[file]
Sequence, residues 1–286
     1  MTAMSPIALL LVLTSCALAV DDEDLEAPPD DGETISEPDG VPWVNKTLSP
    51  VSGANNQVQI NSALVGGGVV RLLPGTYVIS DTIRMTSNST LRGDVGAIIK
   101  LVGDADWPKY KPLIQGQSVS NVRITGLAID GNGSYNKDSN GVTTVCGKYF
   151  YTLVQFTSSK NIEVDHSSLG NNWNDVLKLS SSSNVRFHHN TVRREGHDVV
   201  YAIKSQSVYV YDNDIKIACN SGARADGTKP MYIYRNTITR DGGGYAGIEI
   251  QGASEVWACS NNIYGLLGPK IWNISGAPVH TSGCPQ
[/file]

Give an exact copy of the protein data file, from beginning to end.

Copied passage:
Sequence, residues 1–286
     1  MTAMSPIALL LVLTSCALAV DDEDLEAPPD DGETISEPDG VPWVNKTLSP
    51  VSGANNQVQI NSALVGGGVV RLLPGTYVIS DTIRMTSNST LRGDVGAIIK
   101  LVGDADWPKY KPLIQGQSVS NVRITGLAID GNGSYNKDSN GVTTVCGKYF
   151  YTLVQFTSSK NIEVDHSSLG NNWNDVLKLS SSSNVRFHHN TVRREGHDVV
   201  YAIKSQSVYV YDNDIKIACN SGARADGTKP MYIYRNTITR DGGGYAGIEI
   251  QGASEVWACS NNIYGLLGPK IWNISGAPVH TSGCPQ